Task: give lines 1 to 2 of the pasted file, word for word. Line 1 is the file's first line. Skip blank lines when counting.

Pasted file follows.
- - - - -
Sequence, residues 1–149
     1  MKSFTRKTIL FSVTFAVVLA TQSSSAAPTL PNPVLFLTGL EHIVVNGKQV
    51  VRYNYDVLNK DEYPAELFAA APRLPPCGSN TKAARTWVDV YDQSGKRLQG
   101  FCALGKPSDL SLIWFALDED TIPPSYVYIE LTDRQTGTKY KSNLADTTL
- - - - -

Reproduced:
Sequence, residues 1–149
     1  MKSFTRKTIL FSVTFAVVLA TQSSSAAPTL PNPVLFLTGL EHIVVNGKQV